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OHSU physician-scientist pioneers research to better understand maternal sleep apnea

Original Article By: Nicole Rideout

Summarized By: Neurobit

Researchers at Oregon Health & Science University (OHSU) have initiated a study on maternal sleep apnea, a condition where an individual's breathing stops and restarts during sleep, resulting in insufficient oxygen supply to the body. Pregnant women are at a higher risk of sleep apnea, but the adverse effects of this condition on fetal and infant brain development are yet to be fully understood. To address this gap, OHSU has received a nearly $700,000 grant from the National Institutes of Health to study the effects of maternal sleep apnea on fetal brain development.

The lead researcher of the study is Stephen A. Back, M.D., Ph.D., a professor of Pediatrics at OHSU School of Medicine. Back highlighted that the lack of oxygen caused by maternal sleep apnea can disrupt fetal brain development and lead to serious cognitive delays and learning disabilities in babies. Maternal sleep apnea peaks during the third trimester of pregnancy, a critical period of brain growth and maturation for the fetus, and it is believed that it could also affect a child's motor function, learning and memory, attention, and overall cognition postnatally.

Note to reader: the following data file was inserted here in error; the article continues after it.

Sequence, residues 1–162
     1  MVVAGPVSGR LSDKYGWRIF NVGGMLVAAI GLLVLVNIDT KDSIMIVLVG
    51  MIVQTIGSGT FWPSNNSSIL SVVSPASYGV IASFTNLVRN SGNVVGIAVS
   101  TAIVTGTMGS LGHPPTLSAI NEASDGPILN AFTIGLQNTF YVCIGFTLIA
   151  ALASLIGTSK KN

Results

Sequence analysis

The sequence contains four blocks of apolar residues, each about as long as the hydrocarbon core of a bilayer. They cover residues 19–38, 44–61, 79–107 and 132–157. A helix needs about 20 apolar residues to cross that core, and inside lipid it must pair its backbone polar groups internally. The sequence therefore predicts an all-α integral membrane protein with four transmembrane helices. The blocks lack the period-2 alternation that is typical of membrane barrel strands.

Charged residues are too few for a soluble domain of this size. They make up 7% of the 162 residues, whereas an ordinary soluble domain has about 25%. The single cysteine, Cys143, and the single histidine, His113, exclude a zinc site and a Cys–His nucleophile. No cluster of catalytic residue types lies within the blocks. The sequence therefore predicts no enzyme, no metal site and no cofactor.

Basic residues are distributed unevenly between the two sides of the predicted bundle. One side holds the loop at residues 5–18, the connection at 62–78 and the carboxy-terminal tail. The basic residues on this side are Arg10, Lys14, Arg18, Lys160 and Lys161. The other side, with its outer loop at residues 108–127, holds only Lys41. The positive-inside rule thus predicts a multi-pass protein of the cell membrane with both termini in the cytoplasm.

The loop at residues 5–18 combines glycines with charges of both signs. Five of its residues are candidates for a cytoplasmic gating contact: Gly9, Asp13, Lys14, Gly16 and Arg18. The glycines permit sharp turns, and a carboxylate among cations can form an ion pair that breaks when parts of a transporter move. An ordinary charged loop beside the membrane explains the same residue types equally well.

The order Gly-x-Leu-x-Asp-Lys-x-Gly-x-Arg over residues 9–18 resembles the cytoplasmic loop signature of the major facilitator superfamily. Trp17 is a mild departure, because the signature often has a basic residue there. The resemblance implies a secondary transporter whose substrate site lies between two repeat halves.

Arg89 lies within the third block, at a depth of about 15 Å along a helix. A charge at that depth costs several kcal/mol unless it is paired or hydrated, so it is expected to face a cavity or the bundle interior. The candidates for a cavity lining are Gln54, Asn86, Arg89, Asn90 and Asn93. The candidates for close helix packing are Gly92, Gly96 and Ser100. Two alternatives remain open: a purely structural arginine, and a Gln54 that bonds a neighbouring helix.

The research, which will be conducted over a period of four years, will focus on the hippocampus, the part of the brain associated with learning and memory. Using magnetic resonance imaging (MRI) techniques, the researchers will investigate how maternal sleep apnea affects fetal neurological development and interpret the abnormalities in the brain that arise from maternal sleep apnea during pregnancy. The findings from this study may prompt new clinical studies to reduce the adverse effects of maternal sleep apnea on fetal brain development and improve childhood learning and memory.

According to Back, many pregnant women experience sleep apnea but do not receive timely treatment, potentially leading to lifelong developmental impairments in their children. The aim of this research is to provide a better understanding of maternal sleep apnea, its potential health impacts, and offer effective clinical care and treatment for expectant mothers, ultimately improving the health and well-being of children.


Rideout, N. (2023, February 2). OHSU physician-scientist pioneers research to better understand maternal sleep apnea. OHSU News. Retrieved February 3, 2023, from

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